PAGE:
Edible Landscaping

March Q & A

Question: I'm interested in growing blueberries in a container on my deck this summer in Virginia. How do I get started?

Answer: First, you'll need to select the right container. In general, the larger the better for shrubs and trees. A 18- to 24- inch diameter, plastic pot or a one-half whiskey wooden barrel would be best for blueberry bushes. While highbush varieties can grow in large containers, you'll have better luck with half-high varieties that only grow 2- to 4-feet tall, such as 'Northsky' and Northland'. Blueberries produce best when two different varieties are grown near to each other, so consider splurging for two.

Mix 2 parts potting soil used for acid loving plants, such as rhododendrons, with 1 part compost. If you can't find potting soil for acid loving plants, add sulfur to the potting mix to lower the pH to below 5.0. Plant the blueberry so the roots are just below the soil surface. Keep well watered, mulch with pine straw, and place the container where it will get at least 6 hours of sun a day. Fertilize in spring and early summer with an acidifying organic fertilizer used for hollies, rhododendrons, and azaleas.

Although blueberries are naturally hardy plants, protect yours in winter, even in Virginia. Place the container in an unheated garage or shed where the temperature will remain cool, but above freezing. If left outside, wrap the containers and plants with burlap, and keep the soil barely moist. You'll be harvesting fruits in a year or two.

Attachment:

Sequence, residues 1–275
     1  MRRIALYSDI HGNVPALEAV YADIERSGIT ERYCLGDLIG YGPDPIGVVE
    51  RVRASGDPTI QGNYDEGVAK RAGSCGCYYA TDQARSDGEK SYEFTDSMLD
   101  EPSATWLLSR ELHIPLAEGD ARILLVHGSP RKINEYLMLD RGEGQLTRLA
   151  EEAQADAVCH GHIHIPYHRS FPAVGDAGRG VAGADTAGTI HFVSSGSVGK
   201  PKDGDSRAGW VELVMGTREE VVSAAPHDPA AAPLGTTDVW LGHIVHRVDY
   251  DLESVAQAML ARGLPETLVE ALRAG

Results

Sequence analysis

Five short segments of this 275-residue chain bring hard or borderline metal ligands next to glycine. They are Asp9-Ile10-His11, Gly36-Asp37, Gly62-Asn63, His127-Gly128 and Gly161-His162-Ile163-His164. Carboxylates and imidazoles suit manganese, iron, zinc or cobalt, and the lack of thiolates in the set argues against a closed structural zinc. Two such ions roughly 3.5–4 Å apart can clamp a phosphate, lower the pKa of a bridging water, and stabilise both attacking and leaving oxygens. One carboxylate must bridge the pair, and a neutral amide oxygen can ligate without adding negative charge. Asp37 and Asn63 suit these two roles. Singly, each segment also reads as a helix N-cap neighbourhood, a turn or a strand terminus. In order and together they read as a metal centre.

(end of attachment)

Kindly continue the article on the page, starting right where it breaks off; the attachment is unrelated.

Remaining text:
Question: I always have problems getting my peas to germinate and grow in my Seattle garden. It seems I have to replant 2 or 3 times before they come up. What's wrong?

Answer: Although peas can sprout in soil as cool as 40 degrees F, they actually prefer 70 degree F soil to germinate their best. If your Seattle soils are too cool and wet in spring the seed may rot. You may want to pre-germinate your seeds indoors before planting. Here's what to do.

Build raised beds 2 weeks before you'll be planting your peas. The soil drains and warms up faster in a raised bed than on flat ground. Buy fresh seed instead of using left over seed from last year. The germination percentage will be higher. Soak the seeds in warm water the night before planting. This will start the germination process and reduce the amount of time your seeds will be sitting in the cool soil. The faster they germinate, the less likely it is they will rot. If you're just growing a small row and really want to ensure success, consider planting your peas indoors in pots and transplanting the young seedlings into the garden once they're a few weeks old.

School Garden Grants, Fun Activities, Lessons and more at - www.kidsgardening.org

NGA offers the largest and most respected array of gardening content for consumers and educators. Learn more about NGA »

- ADVERTISEMENTS -